A study (4/10) by Harvard students discovered that waterboarding was commonly called torture by major newspapers–right until the United States was found to be practicing it. The study looked at coverage in the New York Times, Los Angeles Times, USA Today and Wall Street Journal.
As Salon's Glenn Greenwald put it, "We don't need a state-run media because our media outlets volunteer for the task:Once theU.S. government decrees that a technique is no longer torture, U.S. media outlets dutifully cease using the term."
The Harvard researchhas been widely discussed, which is certainly a good thing. Michael Calderone at Yahoo! has even managed to get the Times to respond, with a spokesperson for the paper saying thatthe Times "has written so much about the waterboarding issue that we believe the Kennedy School study is misleading." Whatever that means.
It's important to note for the record that the Times was called out on this in real time by FAIR. After one of the first major Times pieces addressing U.S. torture practices (5/13/04), we issued the Action Alert "'Harsh Methods' Aren't Torture, Says the New York Times," which pointed out:
The May 13 article, headlined "Harsh CIA Methods Cited in Top Qaeda Interrogation," described "coercive interrogation methods" endorsed by the CIA and the Justice Department, including hooding, food and light deprivation, withholding medications, and "a technique known as 'water boarding,' in which a prisoner is strapped down, forcibly pushed under water and made to believe he might drown."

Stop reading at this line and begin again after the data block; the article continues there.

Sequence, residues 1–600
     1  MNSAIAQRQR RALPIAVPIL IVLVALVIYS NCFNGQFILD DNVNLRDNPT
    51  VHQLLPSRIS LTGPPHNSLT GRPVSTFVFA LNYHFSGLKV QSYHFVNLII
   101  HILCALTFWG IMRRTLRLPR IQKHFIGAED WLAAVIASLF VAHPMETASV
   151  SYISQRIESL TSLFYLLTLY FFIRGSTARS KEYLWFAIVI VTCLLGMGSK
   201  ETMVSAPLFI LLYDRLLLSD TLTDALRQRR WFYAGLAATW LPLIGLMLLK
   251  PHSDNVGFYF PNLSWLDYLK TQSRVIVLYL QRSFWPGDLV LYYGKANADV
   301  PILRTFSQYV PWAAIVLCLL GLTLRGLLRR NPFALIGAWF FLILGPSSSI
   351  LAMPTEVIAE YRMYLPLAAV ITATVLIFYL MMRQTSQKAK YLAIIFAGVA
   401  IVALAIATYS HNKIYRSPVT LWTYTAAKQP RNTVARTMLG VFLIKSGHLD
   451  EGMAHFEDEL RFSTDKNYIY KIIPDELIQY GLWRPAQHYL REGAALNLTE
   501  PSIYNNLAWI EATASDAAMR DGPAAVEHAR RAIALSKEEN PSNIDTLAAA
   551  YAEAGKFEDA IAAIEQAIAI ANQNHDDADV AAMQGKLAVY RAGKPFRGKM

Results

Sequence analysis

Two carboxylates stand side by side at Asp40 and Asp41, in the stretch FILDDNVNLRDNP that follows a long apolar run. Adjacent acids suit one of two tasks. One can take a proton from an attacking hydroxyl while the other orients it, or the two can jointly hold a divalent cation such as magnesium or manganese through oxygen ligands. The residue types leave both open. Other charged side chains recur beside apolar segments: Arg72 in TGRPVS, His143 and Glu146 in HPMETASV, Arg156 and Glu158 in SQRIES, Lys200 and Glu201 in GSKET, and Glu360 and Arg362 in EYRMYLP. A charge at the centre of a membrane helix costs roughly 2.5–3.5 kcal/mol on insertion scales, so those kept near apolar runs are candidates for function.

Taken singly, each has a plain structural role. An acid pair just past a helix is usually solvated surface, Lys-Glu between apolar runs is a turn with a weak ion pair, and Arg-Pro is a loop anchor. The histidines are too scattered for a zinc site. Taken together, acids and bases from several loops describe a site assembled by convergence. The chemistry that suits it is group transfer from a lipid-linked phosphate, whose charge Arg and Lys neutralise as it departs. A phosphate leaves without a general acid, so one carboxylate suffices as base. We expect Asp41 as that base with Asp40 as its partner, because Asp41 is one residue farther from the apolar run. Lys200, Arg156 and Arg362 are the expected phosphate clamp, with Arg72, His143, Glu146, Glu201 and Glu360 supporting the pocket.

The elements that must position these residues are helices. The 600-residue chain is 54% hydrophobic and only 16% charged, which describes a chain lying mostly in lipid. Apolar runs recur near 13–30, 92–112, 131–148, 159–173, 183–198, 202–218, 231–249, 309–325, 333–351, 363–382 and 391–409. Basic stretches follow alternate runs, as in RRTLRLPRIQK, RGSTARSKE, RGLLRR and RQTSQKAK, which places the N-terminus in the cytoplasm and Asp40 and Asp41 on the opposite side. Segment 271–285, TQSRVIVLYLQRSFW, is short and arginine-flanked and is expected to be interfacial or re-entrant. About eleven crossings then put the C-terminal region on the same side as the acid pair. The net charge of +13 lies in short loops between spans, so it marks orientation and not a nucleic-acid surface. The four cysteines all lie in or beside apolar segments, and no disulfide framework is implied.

The article took pains to explain why, according to U.S. officials, such techniques do not constitute torture: "Defenders of the operation said the methods stopped short of torture, did not violate American anti-torture statutes and were necessary to fight a war against a nebulous enemy whose strength and intentions could only be gleaned by extracting information from often uncooperative detainees."
The Times actually responded, with public editor Daniel Okrent more or less in agreement with FAIR's position. When he asked Times editor Craig Whitney about the failure to call torture "torture," he replied, "Now that you tell me people are reading things into our not using 'torture' in headlines, I'll pay closer attention."
FAIR also pointed out in its response to the Times that the failure to use the term torture was only part of the problem:
And FAIR's complaint was not simply that the Times did not use the word "torture" describe these interrogation methods (such as prolonged submersion), but that it quoted without rebuttal administration assertions that this was not torture, and seemed to echo these assertions in the reporters' own voice.
FAIR's magazine Extra! pointed out (5-6/08) that the term "waterboarding" seemed to come into play only in order to find an appropriate euphemism for what papers previously called "torture":
Indeed, a search of newspaper archives reveals that until May 2004, the term had actually meant an aquatic sport similar to surfing. Meanwhile, the technique now known as "waterboarding"–in which the person being tortured is actually drowning, aspirating fluid to the point of being unable to breathe–had previously been called "water torture," or simply "torture," by the media.